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2018 Prospect of the Year: Teofimo Lopez

By Jake Donovan

From the moment he was sent packing thanks to some horrific scoring in the 2016 Rio Oympics, Teofimo Lopez swore that the controversy would motivate him to the point where he’d never again lose in the ring.

It remains to be seen just how far he can carry out that promise, but so far the unbeaten lightweight has barely lost a single round in the pro ranks – a run he and his handlers have aptly branded “The Takeover.”

It’s not from a lack of trying on the part of Top Rank’s matchmakers, who’ve continued to elevate his level of competition. Lopez continues to rise to the occasion every time out, putting a cherry on the top of his 2018 campaign with a highlight reel knockout of Mason Menard.

The ease in which he tore through the still serviceable trialhorse was a clear indication that Lopez is done with the prospect level—just at the right time, as he leaves that stage with well-deserved recognition as 2018 Prospect of the Year.

The brash 21-year old from Brooklyn entered 2018 barely a full year into the pro ranks, racking up seven wins in his first 13 months in the pro ranks. All of the wins came against made-to-order competition, prompting the Top Rank staff to seek out opponents who can at least offer Lopez a new look.

Four fights later, that same challenge still exists.

Juan Pablo Sanchez came into his Feb. ’18 clash with Lopez bearing the look of a garden variety opponent-type from Mexico. Immediately lost in his 30-14 record, however, was the manner in which Sanchez was able to provide a stiff challenge to those who’d eventually prevail.

He succeeded in becoming one of just two opponents to extend Lopez (11-0, 9KOs) the distance, ending their bout on his feet but virtually shut out on the scorecards.

The likes of Vitor Jones, William Silva and Menard weren’t as fortunate, nor did any even come close to hearing the final bell.

In Vitor Jones, Lopez was given an opportunity to shine on the undercard of a Vasiliy Lomachenko-headlined show at MSG’s Hulu Theatre, It was the first of two times in which the Honduran-American served in supporting capacity to Lomachenko, the two-time Olympic Gold medalist who climbed off the canvas to knock out Jorge Linares in becoming a three-division titlist.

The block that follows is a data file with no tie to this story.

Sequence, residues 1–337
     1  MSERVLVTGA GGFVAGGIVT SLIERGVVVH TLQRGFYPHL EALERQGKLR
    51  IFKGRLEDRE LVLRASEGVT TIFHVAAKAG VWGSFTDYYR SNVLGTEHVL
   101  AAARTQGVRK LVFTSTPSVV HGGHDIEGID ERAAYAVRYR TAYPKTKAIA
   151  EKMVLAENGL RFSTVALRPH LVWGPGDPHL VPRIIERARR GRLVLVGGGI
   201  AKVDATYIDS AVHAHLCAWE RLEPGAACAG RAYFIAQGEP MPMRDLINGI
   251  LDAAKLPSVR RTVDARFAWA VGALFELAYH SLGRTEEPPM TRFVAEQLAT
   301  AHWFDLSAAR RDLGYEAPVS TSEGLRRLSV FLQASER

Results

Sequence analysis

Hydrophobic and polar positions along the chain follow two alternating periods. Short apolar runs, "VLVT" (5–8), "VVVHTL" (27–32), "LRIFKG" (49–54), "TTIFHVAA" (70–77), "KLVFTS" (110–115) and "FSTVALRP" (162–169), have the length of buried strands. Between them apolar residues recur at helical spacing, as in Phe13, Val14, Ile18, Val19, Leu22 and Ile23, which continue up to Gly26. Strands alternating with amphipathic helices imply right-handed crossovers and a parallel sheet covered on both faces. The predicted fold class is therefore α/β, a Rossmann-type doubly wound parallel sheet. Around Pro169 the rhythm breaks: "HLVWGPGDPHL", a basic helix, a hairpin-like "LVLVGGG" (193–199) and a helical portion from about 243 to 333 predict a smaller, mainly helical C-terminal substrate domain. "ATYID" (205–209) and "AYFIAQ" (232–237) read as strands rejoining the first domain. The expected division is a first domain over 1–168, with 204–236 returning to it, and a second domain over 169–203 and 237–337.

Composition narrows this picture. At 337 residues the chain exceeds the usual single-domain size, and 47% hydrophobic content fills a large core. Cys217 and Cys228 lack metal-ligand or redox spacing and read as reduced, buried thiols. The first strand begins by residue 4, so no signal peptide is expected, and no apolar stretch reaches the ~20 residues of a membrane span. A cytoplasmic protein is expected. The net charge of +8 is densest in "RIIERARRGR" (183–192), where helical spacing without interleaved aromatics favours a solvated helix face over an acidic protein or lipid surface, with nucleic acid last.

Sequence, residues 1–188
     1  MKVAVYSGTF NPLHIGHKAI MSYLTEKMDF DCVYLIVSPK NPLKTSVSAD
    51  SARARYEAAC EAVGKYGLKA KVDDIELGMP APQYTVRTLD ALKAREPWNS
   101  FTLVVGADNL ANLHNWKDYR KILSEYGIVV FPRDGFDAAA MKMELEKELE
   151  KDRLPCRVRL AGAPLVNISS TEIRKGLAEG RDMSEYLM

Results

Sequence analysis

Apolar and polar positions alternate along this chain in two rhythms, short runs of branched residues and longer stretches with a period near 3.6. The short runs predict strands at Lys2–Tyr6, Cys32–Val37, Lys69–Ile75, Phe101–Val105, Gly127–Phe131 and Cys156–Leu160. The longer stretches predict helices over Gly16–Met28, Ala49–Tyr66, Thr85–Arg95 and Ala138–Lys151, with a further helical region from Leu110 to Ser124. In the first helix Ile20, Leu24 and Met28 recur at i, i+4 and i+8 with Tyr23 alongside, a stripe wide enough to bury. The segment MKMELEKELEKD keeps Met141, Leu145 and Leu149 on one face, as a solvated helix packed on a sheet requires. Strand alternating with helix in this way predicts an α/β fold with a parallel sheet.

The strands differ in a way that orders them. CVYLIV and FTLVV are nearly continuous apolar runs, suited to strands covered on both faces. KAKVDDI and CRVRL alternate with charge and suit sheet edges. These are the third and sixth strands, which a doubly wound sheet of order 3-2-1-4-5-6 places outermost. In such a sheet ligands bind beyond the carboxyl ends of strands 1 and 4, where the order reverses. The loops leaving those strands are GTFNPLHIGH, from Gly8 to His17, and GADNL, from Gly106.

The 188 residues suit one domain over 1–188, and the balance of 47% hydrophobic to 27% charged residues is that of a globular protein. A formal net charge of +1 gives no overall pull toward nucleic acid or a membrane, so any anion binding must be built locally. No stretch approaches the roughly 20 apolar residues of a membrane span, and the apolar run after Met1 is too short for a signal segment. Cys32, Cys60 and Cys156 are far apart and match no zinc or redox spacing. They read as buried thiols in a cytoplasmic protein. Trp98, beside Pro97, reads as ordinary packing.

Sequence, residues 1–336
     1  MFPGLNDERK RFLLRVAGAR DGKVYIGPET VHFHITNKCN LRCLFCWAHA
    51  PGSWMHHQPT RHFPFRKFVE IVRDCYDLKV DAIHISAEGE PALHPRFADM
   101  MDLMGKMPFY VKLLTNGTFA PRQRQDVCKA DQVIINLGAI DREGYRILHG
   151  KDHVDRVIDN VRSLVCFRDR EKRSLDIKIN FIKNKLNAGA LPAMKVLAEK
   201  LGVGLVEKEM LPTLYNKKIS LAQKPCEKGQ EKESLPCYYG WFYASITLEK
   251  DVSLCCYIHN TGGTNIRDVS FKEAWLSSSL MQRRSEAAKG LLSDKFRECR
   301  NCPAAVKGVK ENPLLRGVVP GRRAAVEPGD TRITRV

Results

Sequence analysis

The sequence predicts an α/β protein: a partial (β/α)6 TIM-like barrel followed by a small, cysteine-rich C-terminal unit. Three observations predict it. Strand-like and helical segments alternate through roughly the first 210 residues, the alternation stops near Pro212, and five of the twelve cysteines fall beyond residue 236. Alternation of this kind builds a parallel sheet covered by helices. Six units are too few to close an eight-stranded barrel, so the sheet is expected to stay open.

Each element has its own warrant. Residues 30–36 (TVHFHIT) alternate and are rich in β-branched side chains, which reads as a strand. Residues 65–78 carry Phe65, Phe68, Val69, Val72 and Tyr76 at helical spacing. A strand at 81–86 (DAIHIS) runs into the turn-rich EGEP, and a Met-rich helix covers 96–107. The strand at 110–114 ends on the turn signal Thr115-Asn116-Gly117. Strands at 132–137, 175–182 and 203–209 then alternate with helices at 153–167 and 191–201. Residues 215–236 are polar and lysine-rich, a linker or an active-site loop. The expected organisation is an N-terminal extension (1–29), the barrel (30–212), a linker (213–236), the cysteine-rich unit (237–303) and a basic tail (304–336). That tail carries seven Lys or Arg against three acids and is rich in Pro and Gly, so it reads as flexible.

Lopez’ night was much easier, stopping Jones in just over a minute. The quick hit was enough to bring the still 20-year old back into the ring just two months later, where he fought through injury in manhandling William Silva.

So bored was Lopez of the challenge in front of him that he chose to carry his Brazilian opponent who’d previously extended Felix Verdejo the 10-round distance. Lopez threatened to close the show inside of a round, but eased off the gas and opted to go a few rounds before putting Silva away in six.

The slowed pace—by Lopez’s standards—was for good reason, having suffered a fractured right hand which required surgery and a few months rest. The healing process came quick enough to get in one more fight in 2018, one which would see Lopez forever leave his prospect status in the rearview mirror.

In the opening bout of an ESPN-televised tripleheader topped by Lomachenko’s lightweight title unification win over Jose Pedraza, Lopez lived up to his pre-fight promise of stealing the show.

His competition that night wasn’t so much Menard as it was what would take place later in the show: Emmanuel Navarrete not only shocking previously unbeaten 122-pound titlist Isaac Dogboe, but doing so in dominant fashion; and Lomachenko adding yet another entry in his already historic career.

Both were spectacular moments in 2018, yet somehow managed to fall short of what took place at the top of the telecast.

Fully healed and eager to make a statement in what he knew was his final fight as a prospect, Lopez closed the show almost immediately after it began and in spectacular fashion.

Menard earned a reputation as a potent puncher thanks to a pair of highlight-reel knockouts on Showtime’s ShoBox circuit. Even in stoppage losses to Raymundo Beltran—who went on to win a lightweight title—and unbeaten prospect Devin Haney, the Louisiana-based lightweight showed his durability, which was expected to be displayed—and tested—versus Lopez.

One right hand shot changed all of that in a hurry.

A perfectly placed temple shot rendered Menard out cold, pitching face forward to the canvas in a moment that trended worldwide and made the rounds on ESPN’s Sportscenter.

The good news for Lopez’s handlers is that there no longer exists a need to search for opponents that will further develop him on the prospect level. Up next is a February 2 showdown versus two-time title challenger Diego Magdaleno in Frisco, Texas.

When Lopez enters the ring for what will serve as the stiffest test of his career, he will take his first step as a rising contender. His last step on the previous level was enough to leap into the spotlight—and into the winner’s circle as 018 Prospect of the Year.

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